These resources can be incorporated into the classroom to help students be malleable, as well as encourage and motivate them toward developing a growth mindset


A sharable resource for those educators who are incorporating growth mindset techniques, but are not seeing the success they would like with growth mindset should read,


At this point in this journey I have realized that the growth mindset way of life is summed up in these messages


Vielia /pronounced (Vielay)







Substance Abuse: The Harsh Reality of Today’s Schools

Summer has come to an end. A teacher’s favorite three months of the year. It’s back to school time and kids are buying school supplies, new clothes, and sleeping in as long as they can. Teachers are eagerly writing lesson plans and making seating charts in preparation for another year of learning. Although, many kids see school as an opportunity for making friends, doing homework, eating lunch and going to sporting events, some middle and high school students see school as a business opportunity. Unfortunately, I am referring to the sale of recreational drugs on and around school campuses.

Kids who enter today’s Middle and High Schools know exactly who they need to talk to if they want to acquire drugs. According to the Monitoring the Future, drug use and attitudes survey, Alcohol continues to be the “drug of choice,” followed by marijuana, which is a close second. Today’s youth abuse and purchase marijuana like they change their clothes or put gas into their cars. To a certain extend, it almost seems second nature. Why is substance abuse among teens “normal,” in today’s society? How did it become so accessible? More importantly, what can we do about it?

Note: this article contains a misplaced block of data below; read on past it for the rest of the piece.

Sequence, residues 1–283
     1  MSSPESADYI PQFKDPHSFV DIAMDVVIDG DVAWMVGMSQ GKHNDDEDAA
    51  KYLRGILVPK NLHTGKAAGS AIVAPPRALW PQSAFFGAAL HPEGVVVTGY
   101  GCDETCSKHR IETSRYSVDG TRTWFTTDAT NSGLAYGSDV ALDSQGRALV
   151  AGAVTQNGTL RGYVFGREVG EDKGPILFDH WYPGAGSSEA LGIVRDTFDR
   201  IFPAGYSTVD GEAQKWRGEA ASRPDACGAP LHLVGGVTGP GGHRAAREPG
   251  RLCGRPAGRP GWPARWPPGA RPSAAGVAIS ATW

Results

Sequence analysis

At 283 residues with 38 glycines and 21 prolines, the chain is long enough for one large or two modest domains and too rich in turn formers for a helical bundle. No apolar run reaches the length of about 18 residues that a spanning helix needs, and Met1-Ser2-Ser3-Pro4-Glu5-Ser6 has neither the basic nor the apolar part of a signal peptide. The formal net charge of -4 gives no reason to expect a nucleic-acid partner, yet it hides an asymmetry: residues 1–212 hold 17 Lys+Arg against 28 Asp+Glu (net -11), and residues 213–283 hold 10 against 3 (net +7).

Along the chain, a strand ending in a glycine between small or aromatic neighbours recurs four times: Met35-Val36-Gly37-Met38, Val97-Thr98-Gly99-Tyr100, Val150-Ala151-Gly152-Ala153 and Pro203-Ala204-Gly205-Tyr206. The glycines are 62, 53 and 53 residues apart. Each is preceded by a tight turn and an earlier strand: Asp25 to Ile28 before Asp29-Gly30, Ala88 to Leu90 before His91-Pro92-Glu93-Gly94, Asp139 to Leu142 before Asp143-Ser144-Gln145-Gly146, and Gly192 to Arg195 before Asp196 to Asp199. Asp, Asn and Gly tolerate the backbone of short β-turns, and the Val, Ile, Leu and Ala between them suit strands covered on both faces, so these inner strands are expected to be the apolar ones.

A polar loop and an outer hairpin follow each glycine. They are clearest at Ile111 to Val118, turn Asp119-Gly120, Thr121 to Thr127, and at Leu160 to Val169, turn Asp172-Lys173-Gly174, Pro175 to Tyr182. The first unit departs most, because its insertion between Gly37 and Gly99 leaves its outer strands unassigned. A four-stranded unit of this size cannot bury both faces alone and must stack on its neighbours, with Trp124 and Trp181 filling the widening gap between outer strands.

It seems as though some schools are more concerned with respecting a student’s privacy, than cracking down on substance abuse. Although it is a parents responsibility to “raise” their children, I believe it is the school’s responsibility to be proactive versus reactive in fighting the war on substance abuse. Schools need to implement more drug awareness and prevention at the Middle and High School levels. This issue needs to be front and center so we can address it correctly. With the help of law enforcement, we can implement such things as drug-sniffing dogs. The methods I am suggesting do not violate students privacy and they have been proven very effective in deterring substance abuse.

Although it is encouraging that over the past several years we have seen a decline in the abuse of illicit drugs, there has also been an increase of people who do not believe the perceived harmful effects of marijuana. The lasting effects can be detrimental, including: memory loss, decreased coordination, difficulty thinking and problem solving, and distorted perception. Would you want this type of student in your classroom?  As school employees we have to open our eyes and really “see” the kids who come into our classrooms each day. Do you take the time to talk to your students? Do you ask them the hard questions? More importantly, are you their “safe” person to confide in? Let’s all work together to fight this war on substance abuse in our schools.